Deconstructing research questions – Transcript

This is a transcript of the video "Deconstructing research questions", hosted on YouTube.


[QUT intro graphic]

[Title Slide: Deconstructing Research Questions]

[Group Member 1] So now that we've learned all about a good research question and the six properties in detail: about what should be in a good research question. Now we get to take a look at some real-life examples and identify which properties are missing from them. Should we start with, how about question two, down the bottom here?

[Group Member 2] Okay, question two. "How do climate-driven changes in the bio-physical environment of the Great Lakes region, affect the sustainability of wetlands?"

[Slide 1: A Good Research Question]

  1. Theoretical construct - Identifies the phenomenon / event you want to learn more about.
  2. Recognisability - Allows you to distinguish and identify the construct in the literature.
  3. Transcends the data - Transcends the data used to conduct the research.
  4. Significance - Draws attention to the significance of the research.
  5. The capacity to surprise - Has the capacity to surprise the researcher as they research.
  6. Robust - Encourages a complex answer (i.e. not a 'yes' or 'no' response)

[Group Member 1] So we start at the top with the theoretical constructs and their recognisability.

[Group Member 3] Well I think the theoretical constructs are quite clear and, in fact, I can pick one which is "climate-driven changes". And that's a recognisable term as well.

[Group Member 2] That's clear. So is "the biophysical environment"?

[Group Member 4] And I guess the "sustainability of wetlands", the "of wetlands" means that it's not just about sustainability in general, so it's a bit more specific, and the sustainability draws attention to the significance of the research too.

[Group Member 1] That's really true. And it's a robust question, so it's quite a complex answer, it's not answered with a 'yes' or a 'no'.

[Group Member 3] I really have a question about whether it transcends the data though. I

don't think it does, but what do you think?

[Group Member 1] I wonder whether their inclusion of the "Great Lakes region", that's obviously where they're going to be gathering their data from. Does that actually belong there in the question? Or is it still a robust question if they just talked about the wetlands in general. It doesn't transcend the data, that's what's missing.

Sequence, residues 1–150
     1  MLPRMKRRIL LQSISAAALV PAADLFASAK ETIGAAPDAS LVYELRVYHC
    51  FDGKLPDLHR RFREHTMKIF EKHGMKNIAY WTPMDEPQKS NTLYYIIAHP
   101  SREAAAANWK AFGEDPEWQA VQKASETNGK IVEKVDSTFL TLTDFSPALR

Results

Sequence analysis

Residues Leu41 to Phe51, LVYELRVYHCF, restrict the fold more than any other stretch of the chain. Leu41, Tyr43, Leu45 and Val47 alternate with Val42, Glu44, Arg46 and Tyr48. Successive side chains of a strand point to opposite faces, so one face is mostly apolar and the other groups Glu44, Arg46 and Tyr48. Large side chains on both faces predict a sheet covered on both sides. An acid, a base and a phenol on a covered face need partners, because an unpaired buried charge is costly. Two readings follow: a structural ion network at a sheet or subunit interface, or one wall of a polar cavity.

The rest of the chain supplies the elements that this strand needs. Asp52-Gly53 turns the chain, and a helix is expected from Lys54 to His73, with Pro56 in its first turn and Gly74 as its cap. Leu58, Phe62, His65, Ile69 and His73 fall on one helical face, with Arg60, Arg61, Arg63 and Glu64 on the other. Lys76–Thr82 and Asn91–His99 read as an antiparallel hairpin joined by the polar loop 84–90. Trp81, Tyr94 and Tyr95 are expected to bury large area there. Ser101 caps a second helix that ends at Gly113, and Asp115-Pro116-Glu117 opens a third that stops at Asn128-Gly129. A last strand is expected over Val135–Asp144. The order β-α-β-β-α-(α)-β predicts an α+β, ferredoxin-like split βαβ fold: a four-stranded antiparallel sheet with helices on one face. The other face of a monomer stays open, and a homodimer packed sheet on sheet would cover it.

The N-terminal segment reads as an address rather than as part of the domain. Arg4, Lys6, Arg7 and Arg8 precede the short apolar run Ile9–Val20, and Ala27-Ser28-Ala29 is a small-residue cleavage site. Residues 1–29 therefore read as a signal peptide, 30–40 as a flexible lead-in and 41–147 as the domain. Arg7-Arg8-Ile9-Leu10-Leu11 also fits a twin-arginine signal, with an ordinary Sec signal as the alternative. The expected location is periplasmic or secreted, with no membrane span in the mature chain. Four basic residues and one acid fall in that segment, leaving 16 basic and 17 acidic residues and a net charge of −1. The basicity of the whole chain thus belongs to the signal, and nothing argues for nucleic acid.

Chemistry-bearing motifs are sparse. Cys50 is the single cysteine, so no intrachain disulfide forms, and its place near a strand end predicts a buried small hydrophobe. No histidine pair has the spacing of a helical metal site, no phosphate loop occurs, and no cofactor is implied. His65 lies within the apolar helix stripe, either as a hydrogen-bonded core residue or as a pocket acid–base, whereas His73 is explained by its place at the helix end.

[Group Member 3] Yeah right.

[Group Member 2] Okay probably.

[Group Member 4] I'd agree with that.

[Group Member 1] Fantastic, that one is done. Let's have a look at another question and identify the missing properties. How about number five?

[Group Member 3] All right. "Are the learning strategies used by law students at St Louis University's School of Law effective?"

[Group Member 4] I think it doesn't even meet the criteria of robustness, doesn't it, because if you have a look it's a 'yes/no' question.

[Group Member 1] And with this one too, I think we've got a problem with transcending the data: by mentioning the name of the university and a specific group of students, they're actually missing that ability to transcend the data.

[Group Member 3] And I'm sort of a little bit concerned about the theoretical constructs actually. I think it's too broad the way they've written it and "law learning strategies" seem to be too big and they're not linked to any sort of outcome, I suppose. So things like "case analysis skills of first-year law students" would make it more concise and contained and, I think, doable as well.

[Group Member 1] Much better question. So we're missing three properties from that particular question. That one's done.

[Group Member 2] Nice.

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